What they’re really thinking when they see your business card – A Guide for Small Businesses
What they’re really thinking when they see your business card
Business card. We put so much thought into this device, we start to lose sight of what they really are: little pieces of card stock with our contact info on them.
It’s so exciting when you get your cards back from the printer, isn’t it? Business toys!
So you pack them carefully in your wallet or Very Special Business Card case from Sky Mall, all ready for your next networking opportunity. You’re just itching to hand one to the first person you see because they are just so damn cool.
Then you do hand it to someone. Without even looking at it twice, they shove it in their pocket. No balloons from the ceiling, no magical aura emanating from their eyeballs. They just kept on talking and now you can’t focus on what they’re saying. You can’t help it. You’re stuck wondering what they thought of your tiny pocket-sized marketing campaign.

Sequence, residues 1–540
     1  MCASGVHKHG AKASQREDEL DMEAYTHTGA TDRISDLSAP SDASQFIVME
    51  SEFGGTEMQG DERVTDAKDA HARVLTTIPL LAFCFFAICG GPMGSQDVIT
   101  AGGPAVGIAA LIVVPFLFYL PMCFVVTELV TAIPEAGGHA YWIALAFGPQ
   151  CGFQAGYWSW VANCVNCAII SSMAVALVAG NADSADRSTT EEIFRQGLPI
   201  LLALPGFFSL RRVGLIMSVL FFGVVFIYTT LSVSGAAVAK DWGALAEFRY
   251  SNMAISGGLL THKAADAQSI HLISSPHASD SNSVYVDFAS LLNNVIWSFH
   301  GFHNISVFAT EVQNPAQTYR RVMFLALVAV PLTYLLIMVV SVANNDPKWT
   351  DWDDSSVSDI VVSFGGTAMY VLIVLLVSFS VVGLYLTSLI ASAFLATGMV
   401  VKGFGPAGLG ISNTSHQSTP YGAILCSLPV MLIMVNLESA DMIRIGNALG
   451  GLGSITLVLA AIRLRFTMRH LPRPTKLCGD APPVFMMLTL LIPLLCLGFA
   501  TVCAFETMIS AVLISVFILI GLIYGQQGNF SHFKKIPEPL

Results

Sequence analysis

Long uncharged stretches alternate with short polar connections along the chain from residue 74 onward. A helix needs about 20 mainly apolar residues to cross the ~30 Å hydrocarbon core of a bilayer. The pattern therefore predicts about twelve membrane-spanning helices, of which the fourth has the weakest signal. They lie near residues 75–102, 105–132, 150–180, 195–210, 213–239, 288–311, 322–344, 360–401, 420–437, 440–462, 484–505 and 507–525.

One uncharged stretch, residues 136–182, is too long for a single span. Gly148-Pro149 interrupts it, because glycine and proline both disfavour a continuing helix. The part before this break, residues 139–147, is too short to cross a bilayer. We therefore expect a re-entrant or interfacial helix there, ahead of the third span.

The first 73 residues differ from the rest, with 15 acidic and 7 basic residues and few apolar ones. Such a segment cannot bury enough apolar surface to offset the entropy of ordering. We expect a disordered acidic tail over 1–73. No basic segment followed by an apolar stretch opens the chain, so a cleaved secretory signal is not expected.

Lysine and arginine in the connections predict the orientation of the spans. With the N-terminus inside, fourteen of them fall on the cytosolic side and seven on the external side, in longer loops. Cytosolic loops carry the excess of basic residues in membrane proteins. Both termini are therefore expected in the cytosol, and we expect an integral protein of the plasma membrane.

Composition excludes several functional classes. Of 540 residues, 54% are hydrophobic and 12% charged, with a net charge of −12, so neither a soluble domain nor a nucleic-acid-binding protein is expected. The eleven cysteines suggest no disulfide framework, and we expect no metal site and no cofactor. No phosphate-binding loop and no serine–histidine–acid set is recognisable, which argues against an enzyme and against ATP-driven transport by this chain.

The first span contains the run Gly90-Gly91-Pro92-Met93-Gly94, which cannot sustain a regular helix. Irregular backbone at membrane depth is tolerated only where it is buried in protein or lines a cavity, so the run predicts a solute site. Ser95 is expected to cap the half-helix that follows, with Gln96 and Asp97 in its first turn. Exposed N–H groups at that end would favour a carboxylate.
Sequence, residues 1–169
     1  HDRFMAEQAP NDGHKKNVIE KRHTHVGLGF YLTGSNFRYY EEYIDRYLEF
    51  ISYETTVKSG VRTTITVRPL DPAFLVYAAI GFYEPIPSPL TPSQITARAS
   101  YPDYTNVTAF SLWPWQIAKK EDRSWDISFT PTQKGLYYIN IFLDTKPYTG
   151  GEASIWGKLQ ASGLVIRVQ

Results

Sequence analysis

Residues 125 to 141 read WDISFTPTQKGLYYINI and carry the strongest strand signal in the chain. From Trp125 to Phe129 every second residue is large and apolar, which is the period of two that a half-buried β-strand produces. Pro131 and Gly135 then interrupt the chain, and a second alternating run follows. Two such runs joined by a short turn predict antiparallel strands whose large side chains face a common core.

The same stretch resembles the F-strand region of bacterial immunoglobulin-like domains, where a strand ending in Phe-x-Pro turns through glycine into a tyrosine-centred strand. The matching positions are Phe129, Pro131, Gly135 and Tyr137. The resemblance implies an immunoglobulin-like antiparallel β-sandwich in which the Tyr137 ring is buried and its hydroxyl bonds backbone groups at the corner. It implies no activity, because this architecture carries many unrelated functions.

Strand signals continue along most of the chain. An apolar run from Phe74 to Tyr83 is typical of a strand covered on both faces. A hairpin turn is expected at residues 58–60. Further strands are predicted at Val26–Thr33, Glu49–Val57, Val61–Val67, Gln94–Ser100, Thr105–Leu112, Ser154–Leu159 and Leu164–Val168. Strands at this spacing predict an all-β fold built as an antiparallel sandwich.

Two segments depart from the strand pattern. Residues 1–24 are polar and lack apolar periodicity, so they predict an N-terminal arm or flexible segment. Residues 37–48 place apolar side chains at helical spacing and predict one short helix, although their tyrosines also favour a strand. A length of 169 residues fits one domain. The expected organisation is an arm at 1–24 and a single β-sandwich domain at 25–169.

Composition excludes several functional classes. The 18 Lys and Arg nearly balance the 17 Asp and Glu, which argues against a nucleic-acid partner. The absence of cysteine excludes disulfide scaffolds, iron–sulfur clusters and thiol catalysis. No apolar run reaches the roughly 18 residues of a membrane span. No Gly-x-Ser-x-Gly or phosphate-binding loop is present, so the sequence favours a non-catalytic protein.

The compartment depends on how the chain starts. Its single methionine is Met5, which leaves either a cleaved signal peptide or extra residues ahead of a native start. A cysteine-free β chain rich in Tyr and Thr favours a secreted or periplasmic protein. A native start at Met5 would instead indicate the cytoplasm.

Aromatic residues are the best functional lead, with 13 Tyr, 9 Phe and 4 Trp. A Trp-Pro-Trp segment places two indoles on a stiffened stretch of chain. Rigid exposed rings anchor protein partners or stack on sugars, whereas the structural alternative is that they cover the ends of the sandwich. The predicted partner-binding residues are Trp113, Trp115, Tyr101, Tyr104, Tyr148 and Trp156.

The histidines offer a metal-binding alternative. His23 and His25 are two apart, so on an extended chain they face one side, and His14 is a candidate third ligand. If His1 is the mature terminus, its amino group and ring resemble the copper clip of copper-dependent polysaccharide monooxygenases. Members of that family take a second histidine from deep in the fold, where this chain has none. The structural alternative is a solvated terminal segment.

I’ll save you the trouble of losing sleep over it. Here’s what they’re really thinking when they see your card:
- How long am I supposed to look at this before putting it in my pocket? I can never remember.
- Dammit. Why did I eat those garlic knots before I came here?
- Oh, crap. Josh needs new soccer cleats. I was supposed to pick them up this afternoon. When can I make my escape?
- These are way better than my cards. My cards suck.
- Oh, wow. This card sucks. Wait. Do mine suck? Oh, no. Mine suck, too. And I just gave out ten of them. Can I get them back and do this over?